Heat treatment involves heating the crankshaft to a high temperature and then cooling it rapidly, creating a hard, durable surface layer.
Heat treatment also helps to eliminate internal stresses in the metal, improving the crankshaft’s fatigue resistance.
After heat treatment, the crankshaft undergoes several surface finishing processes, including polishing and shot peening.
Polishing helps to create a smooth, low-friction surface, reducing wear and tear on the engine’s bearings.
Shot peening is a process that involves bombarding the surface of the crankshaft with small metal pellets, creating a compressed surface layer that improves its fatigue resistance.
After manufacturing, the crankshaft undergoes several inspection processes to ensure that it meets the required specifications.
The inspection process includes measuring the dimensions of the crankshaft, checking for cracks and defects, and testing its fatigue resistance using a dynamometer.
What are some common problems with crankshafts?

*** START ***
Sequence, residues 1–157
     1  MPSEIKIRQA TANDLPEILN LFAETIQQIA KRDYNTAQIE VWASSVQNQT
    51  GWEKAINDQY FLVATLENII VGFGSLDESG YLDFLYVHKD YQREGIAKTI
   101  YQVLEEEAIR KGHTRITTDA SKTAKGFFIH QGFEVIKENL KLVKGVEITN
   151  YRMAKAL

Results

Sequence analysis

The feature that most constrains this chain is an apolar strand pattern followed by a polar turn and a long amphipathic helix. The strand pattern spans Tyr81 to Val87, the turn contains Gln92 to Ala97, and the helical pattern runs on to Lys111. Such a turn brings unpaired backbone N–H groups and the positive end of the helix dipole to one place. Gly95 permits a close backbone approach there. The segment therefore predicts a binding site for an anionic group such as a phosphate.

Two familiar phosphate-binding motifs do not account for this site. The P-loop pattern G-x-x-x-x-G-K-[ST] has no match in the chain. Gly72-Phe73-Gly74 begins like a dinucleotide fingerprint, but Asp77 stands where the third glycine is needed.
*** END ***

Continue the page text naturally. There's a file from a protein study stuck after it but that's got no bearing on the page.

Like all mechanical components, crankshafts can develop problems over time. Here are some common problems that can occur with crankshafts:
Crankshafts can develop cracks due to the high stresses and temperatures involved in their operation.
Cracks can occur in the journal fillets, which are the areas where the crankshaft’s journals meet the web.
Cracks can also occur in the keyways or flanges, which can lead to the failure of the flywheel or other accessory drive components.
The crankshaft’s journals are supported by bearings, which can wear over time due to friction and heat.
If the bearings wear excessively, they can cause the crankshaft to move out of position, resulting in engine vibrations or other problems.